Case study - Rachel White

Case study - Rachel White

by Academy Admin

Rachel White has switched careers. After 8 years working in industry - she is now training to be a computing teacher via a BCS Scholarship. Her teacher training provider is the University of Southampton.

Rachel White - BCS Scholar 2.jpg

Why should more people consider applying for a scholarship?

It has been a huge help financially. As a career changer, I have been used to a regular income. It was a defining factor in allowing me to train to teach, as it meant that I knew we could afford to pay all the bills while studying. There is also the bonus of the BCS membership that you get for free for the year while you’re training, and when writing assignments, the access to back issues of the BCS magazine and to other articles and reports available in the members area of the website has been incredibly useful.

Do you have any advice for someone considering a career change/thinking of becoming a teacher/applying for a scholarship?

Don’t be afraid to make the jump. I was terrified when I chose to leave my secure career and train as a teacher. Pupils can really benefit  from being taught by those who have a background in industry and can apply real world examples, networking is far easier to explain to a group of year 10’s when you can tell them how you planned the build of one yourself!

Tell me about your career - prior to getting your scholarship?

My degree was in Classical Civilisations at Swansea Uni. I worked in a call centre after I graduated and would help colleagues with basic problems. I’d learnt a lot of basic techniques from my boyfriend at the time who was a computer science student. I got the opportunity to move over to IT and was sent on various courses. Later I moved to the parent company and worked with our offices overseas. I helped planned the total rebuild of the European IT network. I then worked as a Systems Administrator for a small company in Winchester.  

Why did you opt for a career change?

I always wanted to teach, but originally I didn’t really have any subject knowledge that would make me valuable to teach in a secondary school and later it wasn’t financially plausible. In recent years my finances levelled out, and with the funding available through the BCS scholarship and the support of my partner - it seemed like the stars had aligned!

What made you decide to re-train as a computing teacher?

I felt that my knowledge of how industry works, and my life experience would be something that could really help with teaching the subject. I also felt that my subject knowledge could be helpful in guiding young people to be more interested in a subject that I’d never had the opportunity to study myself at that age.

What challenges did you have to overcome – if any?

I didn’t know much about programming coming in to the PGCE. All my work had been with Systems. I got some books on Python, and also used Code Academy, to help develop my knowledge and basically taught myself Python during the summer holiday before the course started!

How did the scholarship help?

Financially it’s been a godsend. From previous experience the last thing you need when studying at this level is the stress of financial issues.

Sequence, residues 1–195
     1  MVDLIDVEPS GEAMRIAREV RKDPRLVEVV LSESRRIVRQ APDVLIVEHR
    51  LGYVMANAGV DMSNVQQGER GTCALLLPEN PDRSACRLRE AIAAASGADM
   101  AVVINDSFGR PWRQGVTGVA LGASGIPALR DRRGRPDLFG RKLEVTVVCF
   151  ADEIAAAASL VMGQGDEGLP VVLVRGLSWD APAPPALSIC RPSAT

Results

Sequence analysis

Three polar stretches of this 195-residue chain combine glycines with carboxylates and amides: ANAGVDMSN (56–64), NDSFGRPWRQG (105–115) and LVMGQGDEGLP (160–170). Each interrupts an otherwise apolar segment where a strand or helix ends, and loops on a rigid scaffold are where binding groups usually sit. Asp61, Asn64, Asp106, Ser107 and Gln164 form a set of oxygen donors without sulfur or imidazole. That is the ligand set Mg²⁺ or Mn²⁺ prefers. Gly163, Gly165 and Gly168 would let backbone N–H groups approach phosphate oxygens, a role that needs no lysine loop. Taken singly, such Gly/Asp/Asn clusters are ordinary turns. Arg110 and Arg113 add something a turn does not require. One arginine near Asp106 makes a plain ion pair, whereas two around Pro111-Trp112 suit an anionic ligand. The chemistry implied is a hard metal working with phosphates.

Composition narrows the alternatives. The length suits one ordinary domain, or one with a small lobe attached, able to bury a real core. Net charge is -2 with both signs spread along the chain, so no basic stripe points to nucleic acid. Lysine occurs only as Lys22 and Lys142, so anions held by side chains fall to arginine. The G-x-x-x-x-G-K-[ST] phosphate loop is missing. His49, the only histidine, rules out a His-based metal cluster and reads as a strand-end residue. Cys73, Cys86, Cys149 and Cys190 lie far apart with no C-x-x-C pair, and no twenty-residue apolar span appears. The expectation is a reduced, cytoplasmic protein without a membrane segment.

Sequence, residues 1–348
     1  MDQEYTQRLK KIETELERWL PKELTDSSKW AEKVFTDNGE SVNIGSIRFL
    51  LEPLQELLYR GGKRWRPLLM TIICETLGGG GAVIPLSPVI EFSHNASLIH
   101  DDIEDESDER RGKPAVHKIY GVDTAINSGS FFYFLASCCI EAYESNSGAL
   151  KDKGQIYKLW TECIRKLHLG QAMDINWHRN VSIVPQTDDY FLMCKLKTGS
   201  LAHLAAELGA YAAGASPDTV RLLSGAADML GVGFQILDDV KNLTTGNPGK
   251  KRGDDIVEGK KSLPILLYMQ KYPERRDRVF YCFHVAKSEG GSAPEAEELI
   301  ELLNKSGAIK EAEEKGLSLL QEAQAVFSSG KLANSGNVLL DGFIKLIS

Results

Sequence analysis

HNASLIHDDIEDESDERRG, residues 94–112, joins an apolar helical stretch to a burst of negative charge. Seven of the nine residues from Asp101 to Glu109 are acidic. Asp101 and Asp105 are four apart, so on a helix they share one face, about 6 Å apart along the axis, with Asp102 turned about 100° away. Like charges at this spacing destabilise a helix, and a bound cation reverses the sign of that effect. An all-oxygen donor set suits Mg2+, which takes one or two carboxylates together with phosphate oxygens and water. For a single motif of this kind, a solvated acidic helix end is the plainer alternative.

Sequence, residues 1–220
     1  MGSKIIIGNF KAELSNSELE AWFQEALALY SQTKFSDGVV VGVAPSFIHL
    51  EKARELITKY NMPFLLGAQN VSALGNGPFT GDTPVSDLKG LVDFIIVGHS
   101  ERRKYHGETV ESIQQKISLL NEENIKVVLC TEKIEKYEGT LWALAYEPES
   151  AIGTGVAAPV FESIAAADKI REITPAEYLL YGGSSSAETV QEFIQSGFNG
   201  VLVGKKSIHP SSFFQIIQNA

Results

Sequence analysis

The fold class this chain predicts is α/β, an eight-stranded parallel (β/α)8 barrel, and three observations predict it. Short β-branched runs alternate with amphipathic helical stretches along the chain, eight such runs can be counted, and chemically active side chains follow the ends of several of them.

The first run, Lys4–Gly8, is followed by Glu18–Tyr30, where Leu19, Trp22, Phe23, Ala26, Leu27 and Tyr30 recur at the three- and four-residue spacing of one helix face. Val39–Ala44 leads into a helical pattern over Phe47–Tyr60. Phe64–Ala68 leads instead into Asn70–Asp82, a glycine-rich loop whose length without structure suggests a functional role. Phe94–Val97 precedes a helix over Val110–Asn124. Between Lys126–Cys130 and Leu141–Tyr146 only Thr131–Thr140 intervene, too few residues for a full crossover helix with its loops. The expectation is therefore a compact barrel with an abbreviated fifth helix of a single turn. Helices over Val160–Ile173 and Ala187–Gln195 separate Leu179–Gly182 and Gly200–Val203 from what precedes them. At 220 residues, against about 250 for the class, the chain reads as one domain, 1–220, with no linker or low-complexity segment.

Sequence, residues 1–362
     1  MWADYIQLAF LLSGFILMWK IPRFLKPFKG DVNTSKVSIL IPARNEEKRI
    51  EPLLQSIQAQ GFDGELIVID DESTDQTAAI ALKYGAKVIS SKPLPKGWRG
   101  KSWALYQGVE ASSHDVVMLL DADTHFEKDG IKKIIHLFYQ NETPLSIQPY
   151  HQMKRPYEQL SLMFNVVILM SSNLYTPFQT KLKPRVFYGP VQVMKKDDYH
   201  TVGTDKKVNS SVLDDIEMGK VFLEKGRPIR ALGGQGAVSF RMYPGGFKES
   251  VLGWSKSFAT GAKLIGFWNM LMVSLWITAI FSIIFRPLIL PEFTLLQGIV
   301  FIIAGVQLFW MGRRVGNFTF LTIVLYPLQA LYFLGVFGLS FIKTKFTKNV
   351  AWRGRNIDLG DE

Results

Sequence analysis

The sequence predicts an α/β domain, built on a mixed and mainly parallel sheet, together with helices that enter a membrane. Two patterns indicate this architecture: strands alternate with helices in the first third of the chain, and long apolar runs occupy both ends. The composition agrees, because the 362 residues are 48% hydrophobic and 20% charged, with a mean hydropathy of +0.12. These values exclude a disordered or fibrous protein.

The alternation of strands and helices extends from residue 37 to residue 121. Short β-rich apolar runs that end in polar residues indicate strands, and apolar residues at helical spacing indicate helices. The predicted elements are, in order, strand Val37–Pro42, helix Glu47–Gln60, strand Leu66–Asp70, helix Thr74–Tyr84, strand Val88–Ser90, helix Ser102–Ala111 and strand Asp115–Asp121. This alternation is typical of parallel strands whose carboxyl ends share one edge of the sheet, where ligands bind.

Have you managed to find employment?  

I had an interview at the end of 2014 for a job in Portsmouth at a secondary school, and was offered the role which is really exciting. It’s to teach computing and business, so it’s a bit of an expansion, but I’m looking forward to the challenge. I start there in July.

What are you looking forward to when you start your new role?

I guess the challenge. I’d like to feel that I’m making a difference, as at the moment the issue is I’m only with my placement schools for a small amount of time, and I don’t really get to see the big picture - seeing the pupils developing from these tiny, shy year 7’s to these confident knowledgeable year 11’s.

Why do you think teaching computing is important?

Teaching computing and ICT is just as important now as English or Math as when young people hit the working world there will be a certain expectation for computer literacy that previous generations never had. Technology develops so quickly - they need to be on top of the curve, regardless of whether they work within the computing industry, or go on to become a secretary/nurse/vet. 

How do you think the new computing curriculum will add to a child’s educational experience?

A good general knowledge of how lots of things work together can make a person more well-rounded. Programming is great for logical thinking. This in turn can only really lead to a more educated and technologically aware society.

What do you think the computing curriculum will achieve in the long term (for education/society/industry?)

We’re going to create generations who are more technologically aware, and potentially more interested in how things work together. Hopefully, it will make more people interested in moving in to industry, potentially more girls, and increase the quality of graduates. From what I’ve seen of A2 computing level programming, it’s on par with what undergraduates were studying when I was at university back in the early 2000’s so we can only really move forward in terms of subject knowledge and skills development. This should mean that, in a few years’ time, the work force will be  far more prepared for the challenges ahead, and with industry involvement in school activities becoming more common, we are hopefully training them meet our future requirements.